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Jan. 30 2012

What’s in a word?

By Mark Malinowski | Posted in Host Blogs | 2 Comments

Saw a report on a morning news show the other day about the proliferation of vulgarity in mainstream entertainment, specifically in book titles.  The books in question all had titles that had to be blurred (pixillated, in high-tech parlance) because they are not allowed to be said (or read, for that matter) on television.  This is clearly a gimmick to attract attention to a book that one might otherwise not be very interested in.  Probably with good reason, but I shouldn’t make value judgements, should I?

One aspect of language that I find a bit distressing is the creation of words.  Don’t get me wrong, all language is evolutionary in nature, and new words become a necessity.  100 years ago, the word “television” didn’t exist.  Because televisions didn’t exist.  That is not what I am talking about.  I’m talking about words like “wellness.”  What the heck is “wellness?”  Is it anything like “wonderfulness?”  Now we don’t go to the clinic, we go to the “Wellness Center.”  Why, so I can hang out with all the “well” people? Instead of saying “wellness,” why can’t we say “good health?”  Or are we SOOOOO busy we don’t have time for two words when one will do.  Well, it doesn’t do.  That’s not evolution in language, it’s just lazy.

Mark Malinowski

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Mark is WBJC's morning host. His full bio can be read here.

2 Responses to What’s in a word?

  • Linda Jacksob says:

    This evening (2/2/12) I caught the tail-end of a comment I believe you made concerning how Bach, Beethoven, perhaps Litz and whomever else were all alive during the same span of time and all composing fabulous music.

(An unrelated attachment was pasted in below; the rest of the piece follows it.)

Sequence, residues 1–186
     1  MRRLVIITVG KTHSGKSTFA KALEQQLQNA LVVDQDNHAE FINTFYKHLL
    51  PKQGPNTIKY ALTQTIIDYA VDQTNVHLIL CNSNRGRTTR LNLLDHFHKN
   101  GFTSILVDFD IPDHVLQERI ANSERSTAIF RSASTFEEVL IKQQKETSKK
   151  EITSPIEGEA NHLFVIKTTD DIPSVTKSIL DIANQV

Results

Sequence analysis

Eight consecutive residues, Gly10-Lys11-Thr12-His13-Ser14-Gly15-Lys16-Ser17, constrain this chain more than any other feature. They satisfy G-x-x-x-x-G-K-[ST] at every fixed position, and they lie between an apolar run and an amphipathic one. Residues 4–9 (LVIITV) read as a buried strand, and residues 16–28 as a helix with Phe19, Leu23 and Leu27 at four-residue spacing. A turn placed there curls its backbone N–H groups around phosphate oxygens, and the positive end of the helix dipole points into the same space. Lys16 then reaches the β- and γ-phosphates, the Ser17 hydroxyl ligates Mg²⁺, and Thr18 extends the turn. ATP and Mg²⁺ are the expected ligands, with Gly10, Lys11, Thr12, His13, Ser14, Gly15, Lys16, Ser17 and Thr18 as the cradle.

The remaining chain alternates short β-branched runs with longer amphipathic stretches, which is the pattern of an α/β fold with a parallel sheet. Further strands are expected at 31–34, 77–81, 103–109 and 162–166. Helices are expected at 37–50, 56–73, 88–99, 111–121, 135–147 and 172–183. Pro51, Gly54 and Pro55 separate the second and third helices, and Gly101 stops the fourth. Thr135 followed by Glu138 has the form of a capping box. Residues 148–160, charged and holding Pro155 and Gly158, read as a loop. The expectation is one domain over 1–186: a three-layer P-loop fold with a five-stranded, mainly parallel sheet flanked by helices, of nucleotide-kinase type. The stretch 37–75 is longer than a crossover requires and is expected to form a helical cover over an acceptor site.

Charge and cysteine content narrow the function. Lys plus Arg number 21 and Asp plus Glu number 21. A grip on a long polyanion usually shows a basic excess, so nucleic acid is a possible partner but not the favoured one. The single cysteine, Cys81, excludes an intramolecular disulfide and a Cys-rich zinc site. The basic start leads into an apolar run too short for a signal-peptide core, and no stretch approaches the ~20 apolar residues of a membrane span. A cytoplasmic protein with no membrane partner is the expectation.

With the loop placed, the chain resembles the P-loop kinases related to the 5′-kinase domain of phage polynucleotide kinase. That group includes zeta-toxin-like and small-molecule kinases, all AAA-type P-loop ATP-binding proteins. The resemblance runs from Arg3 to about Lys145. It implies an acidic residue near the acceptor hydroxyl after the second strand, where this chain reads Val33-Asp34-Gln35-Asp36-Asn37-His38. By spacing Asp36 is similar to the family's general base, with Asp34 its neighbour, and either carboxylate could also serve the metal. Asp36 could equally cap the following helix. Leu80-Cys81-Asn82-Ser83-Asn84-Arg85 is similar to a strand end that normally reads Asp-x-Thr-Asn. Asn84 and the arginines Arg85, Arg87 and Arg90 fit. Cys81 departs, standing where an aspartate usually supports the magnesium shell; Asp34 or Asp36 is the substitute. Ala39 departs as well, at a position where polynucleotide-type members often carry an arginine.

This got me to thinking that perhaps someday it will be noted that wasn’t it interesting (maybe great) that John Lennon, Elton John, Bernie Taupin, Paul McCartney and the Rolling Stones (I do not know who did their composing/writing) were all existing in the same space of time and all composing the same basic sort of music.
    It makes me wonder if the words were to be eliminated would their music ever be considered classical? If the “greats” were composing during the time of the above named or vice-versa what, I wonder, would we hear? Just a wonderment on my part; I am not yet losing sleep over this and please do not cancel my memebership for having heretical thoughts.

  • Mark Malinowski says:

    Linda,

    As much as I like the Beatles, Rolling Stones (saw them in ’69) and much of the popular music of the era, I believe that these artists, much like Elvis Presley, will be remembered more in a sociological context than a musical one. Popular music is not a recent phenomenon–it’s been around forever. In Bach’s day, they were minstrels or troubadours who sang love songs, political satire, etc. Bach, Mozart, Beethoven and others used some of their tunes in their compositions, just as modern “classical” composers have used tunes by Lennon/McCartney and other in their works. But I could be wrong. Thanks again for your comment.

    Mark

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